— By the Rev. Henry Idema, Tribune religion columnist

Comments

deuce liti

I hope I can help you here (please bear with me): The episcopal church and all other forms of false christianity are a part of what Revelation 18:2 calls "Babylon the great" the empire of false religion and the kings (political leaders) have "committed fornication with her." This means false religion has mixed in politics and to a greater extent the world, which "is passing away and so is its desire" (1john 15:17). God tells the people to "Get out of her (false religion), my people, if you do not want to share with her in her sins" (rev.18:4).

Organised religion is losing people today because the clergy class gives them absolutely nothing. They skin the sheep of their money and become as Jesus calls, "The hired man, who is no shepherd and to whom the sheep do not belong as his own, beholds the wolf coming and abandons the sheep and flees - and the wolf snatches them and scatters them - because he is a hired man and does not care for the sheep." (John 10:12).

Jesus warns his true followers about false religion saying. "By their fruits you will recognise them" (mat 7:16). They are not teaching the truth and living by God's standards. All they care about, as proved in this article, is filling seats (making money) and keeping those seats filled. You are not producing fine fruit because you do not have "the spirit of the truth" (john 14:17)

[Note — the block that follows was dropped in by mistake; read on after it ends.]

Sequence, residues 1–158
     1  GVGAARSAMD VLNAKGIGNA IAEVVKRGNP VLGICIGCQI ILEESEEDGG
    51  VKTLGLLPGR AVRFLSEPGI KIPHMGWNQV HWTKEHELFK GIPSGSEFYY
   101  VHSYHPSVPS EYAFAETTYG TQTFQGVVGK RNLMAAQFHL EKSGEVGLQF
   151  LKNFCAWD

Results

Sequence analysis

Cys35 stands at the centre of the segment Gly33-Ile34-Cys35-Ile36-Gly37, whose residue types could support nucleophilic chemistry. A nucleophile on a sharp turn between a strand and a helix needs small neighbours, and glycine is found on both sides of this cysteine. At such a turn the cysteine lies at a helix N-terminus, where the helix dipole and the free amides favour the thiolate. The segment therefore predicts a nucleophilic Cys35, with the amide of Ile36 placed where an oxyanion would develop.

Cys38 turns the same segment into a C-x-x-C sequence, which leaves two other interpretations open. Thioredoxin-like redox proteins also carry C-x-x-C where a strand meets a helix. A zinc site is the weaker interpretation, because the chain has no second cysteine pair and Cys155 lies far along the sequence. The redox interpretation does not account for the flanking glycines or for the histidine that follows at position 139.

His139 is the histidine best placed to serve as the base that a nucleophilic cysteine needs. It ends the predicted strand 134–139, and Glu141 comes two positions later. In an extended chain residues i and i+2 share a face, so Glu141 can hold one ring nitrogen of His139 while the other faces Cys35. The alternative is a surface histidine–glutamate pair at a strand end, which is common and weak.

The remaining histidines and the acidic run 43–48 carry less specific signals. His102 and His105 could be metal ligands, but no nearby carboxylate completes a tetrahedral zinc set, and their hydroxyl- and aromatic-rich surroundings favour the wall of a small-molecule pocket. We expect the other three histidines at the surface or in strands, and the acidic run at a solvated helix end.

Organised religion thinks that because it's christian it can get away with anything. Jesus states, "not everyone saying to me 'Lord, Lord,' will enter into the kingdom of the heavens, but the one doing the will of my Father who is in the heavens will. Many will say to me in that day, 'Lord, Lord, did we not prophesy in your name, and expel demons in your name, and perform many powerful works in your name?' And yet I will confess to them: I never knew you! Get away from me you workers of lawlessness."
They are not taught to live by bible standards. The sheep of organised religion do not know the bible nor are taught it. They are taught traditions and "have made the word of God invalid because of your traditions. You hypocrites... This people honors me with their lips, yet their heart is far removed from me." (Mat. 15:6)

So the clergy go in debt to learn about God only to come out empty-handed. They can't get the youth because they don't instill the truth in their hearts. Sin is gone from religion with a "once saved always saved" tradition.

You can't keep them in Babylon forever.

Yes I used the word of God the way it was meant to: to understand God and live for him.

Be

You think you're so different from the author of the article, but you're not... It's all the same. I know you automatically assume that anyone who disagrees with you doesn't 'know their bible', or doesn't have a 'real relationship' with god. That's egotistical garbage. Save yourself from it! It's such a pity anyone has to waste brain cells on this stuff... MOVE ON.

deuce liti

I understand that you are trapped in the vestibule of darkness where every door of hope that is pried open only reveals the true iniquities of man reflected through a broken mirror of regret tinged with the blood of animosity.

You have only seen the hypocrisy of false christianity and its failures to produce fine fruit (true christians).